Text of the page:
US Attorney General Barr adds to coverup in death of Jeffrey Epstein

By Kevin Reed
26 November 2019

US Attorney General William Barr backtracked on comments he made last August about the circumstances surrounding the death of convicted pedophile Jeffrey Epstein, telling the Associated Press on Friday that a series of mistakes by prison authorities gave the multimillionaire Wall Street consultant the opportunity to kill himself in his jail cell on August 10.

Barr said that although he initially had “suspicions” about Epstein’s death under federal custody at the Metropolitan Correctional Center (MCC) in Manhattan, he had come to the conclusions that it was a suicide. Barr added, “I can understand people who immediately, whose minds went to sort of the worst-case scenario because it was a perfect storm of screwups.”

The AP report said Barr drew his conclusion “after the FBI and the Justice Department’s inspector general continued to investigate,” adding that he “sought to dampen conspiracy theories by people who have questioned whether Epstein really took his own life, saying the evidence proves Epstein killed himself.”

Barr told the AP that “he personally reviewed security footage that confirmed that no one entered the area where Epstein was housed on the night he died.” However, it is not clear what video Barr reviewed, since prior to the AP interview it had been widely reported that both surveillance cameras near Epstein’s cell were discovered to be dysfunctional following their removal as part of the FBI investigation.

Barr gave his interview two days after two MCC prison guards, Tova Noel and Michael Thomas, were arrested and charged on multiple counts in connection with their failure to monitor Epstein during the hours preceding his death. The guards, who had worked overtime shifts and extended hours at the understaffed facility, have been accused of “sleeping and browsing the internet” between 10:30 p.m. and 6:30 a.m., when they should have been checking on Epstein every half-hour. They are also charged with filing fraudulent reports.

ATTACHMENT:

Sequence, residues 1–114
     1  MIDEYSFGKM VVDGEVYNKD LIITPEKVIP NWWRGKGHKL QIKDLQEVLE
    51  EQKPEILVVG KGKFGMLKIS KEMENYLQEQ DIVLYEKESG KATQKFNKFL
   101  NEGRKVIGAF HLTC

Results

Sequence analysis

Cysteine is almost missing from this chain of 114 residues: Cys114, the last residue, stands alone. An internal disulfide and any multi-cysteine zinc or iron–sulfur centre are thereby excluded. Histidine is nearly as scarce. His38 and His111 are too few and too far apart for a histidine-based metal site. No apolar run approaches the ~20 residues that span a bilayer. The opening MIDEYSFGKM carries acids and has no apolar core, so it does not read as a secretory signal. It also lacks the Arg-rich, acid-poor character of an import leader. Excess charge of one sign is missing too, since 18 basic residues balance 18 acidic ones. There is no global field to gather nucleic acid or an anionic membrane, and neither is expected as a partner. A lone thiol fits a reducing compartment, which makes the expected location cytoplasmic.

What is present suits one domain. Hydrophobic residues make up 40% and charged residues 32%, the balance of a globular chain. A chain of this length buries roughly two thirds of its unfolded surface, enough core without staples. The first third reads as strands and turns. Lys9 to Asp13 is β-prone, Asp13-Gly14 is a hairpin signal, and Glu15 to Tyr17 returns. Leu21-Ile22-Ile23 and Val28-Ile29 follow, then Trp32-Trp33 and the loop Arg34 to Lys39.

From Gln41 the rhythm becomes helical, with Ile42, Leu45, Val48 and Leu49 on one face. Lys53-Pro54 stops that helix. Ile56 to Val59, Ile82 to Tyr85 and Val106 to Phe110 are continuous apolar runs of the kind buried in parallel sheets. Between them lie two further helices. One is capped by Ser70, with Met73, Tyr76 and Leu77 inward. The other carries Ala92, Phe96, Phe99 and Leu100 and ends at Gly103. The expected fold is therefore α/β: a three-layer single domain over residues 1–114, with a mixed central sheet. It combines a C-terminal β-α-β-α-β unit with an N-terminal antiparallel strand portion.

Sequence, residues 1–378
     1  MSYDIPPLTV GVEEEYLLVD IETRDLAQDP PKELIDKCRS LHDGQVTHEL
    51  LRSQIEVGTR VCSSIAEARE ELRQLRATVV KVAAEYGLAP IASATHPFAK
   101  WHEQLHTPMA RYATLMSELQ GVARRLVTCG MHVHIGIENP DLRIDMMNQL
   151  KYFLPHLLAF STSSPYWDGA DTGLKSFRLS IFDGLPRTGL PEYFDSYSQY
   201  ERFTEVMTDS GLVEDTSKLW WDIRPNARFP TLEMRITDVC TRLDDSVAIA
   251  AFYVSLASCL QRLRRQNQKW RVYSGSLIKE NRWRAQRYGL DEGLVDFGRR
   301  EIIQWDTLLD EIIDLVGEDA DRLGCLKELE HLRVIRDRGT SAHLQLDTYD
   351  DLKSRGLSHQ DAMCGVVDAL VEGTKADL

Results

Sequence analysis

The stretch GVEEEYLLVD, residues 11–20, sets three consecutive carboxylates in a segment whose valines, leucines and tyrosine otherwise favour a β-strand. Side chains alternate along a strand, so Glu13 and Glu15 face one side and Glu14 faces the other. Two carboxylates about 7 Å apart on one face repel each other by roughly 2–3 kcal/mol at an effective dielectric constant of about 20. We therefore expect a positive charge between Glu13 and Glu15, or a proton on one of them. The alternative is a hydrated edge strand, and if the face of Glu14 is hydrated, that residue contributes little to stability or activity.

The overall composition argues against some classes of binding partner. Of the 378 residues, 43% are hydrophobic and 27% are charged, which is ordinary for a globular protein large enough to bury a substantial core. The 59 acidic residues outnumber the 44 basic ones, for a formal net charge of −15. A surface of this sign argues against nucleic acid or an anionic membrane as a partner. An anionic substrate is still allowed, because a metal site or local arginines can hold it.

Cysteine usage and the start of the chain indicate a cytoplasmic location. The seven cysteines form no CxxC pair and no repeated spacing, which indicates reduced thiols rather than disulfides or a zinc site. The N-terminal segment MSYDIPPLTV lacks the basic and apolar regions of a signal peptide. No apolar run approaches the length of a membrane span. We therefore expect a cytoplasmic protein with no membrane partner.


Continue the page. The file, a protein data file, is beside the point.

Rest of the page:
An attorney for one of the two, both of whom have pled not guilty, has said that the guards are being “scapegoated.” Even if the claims against them are true, the lawyer notes, such violations are normally considered prison employee disciplinary issues and not criminal actions.

The guards discovered Epstein with a noose made of bed sheets around his neck when they entered his cell in the morning to bring him breakfast.

Epstein had been in prison for more than a month before his death. He was arrested by the FBI on July 6 at Teterboro Airport in New Jersey and charged with multiple counts of sex trafficking, with victims including underage females.

On August 12, two days after Epstein was found dead, Barr gave comments to the press in which he seemed to question the claims of suicide, saying the Department of Justice was “now learning of serious irregularities at this facility that are deeply concerning and demand a thorough investigation.”

Although Barr is now endorsing the finding of the New York medical examiner that Epstein died from “suicide by hanging” and says that his conclusion is based on an investigation conducted by the FBI and the Justice Department inspector general, the details of this investigation have not been made public.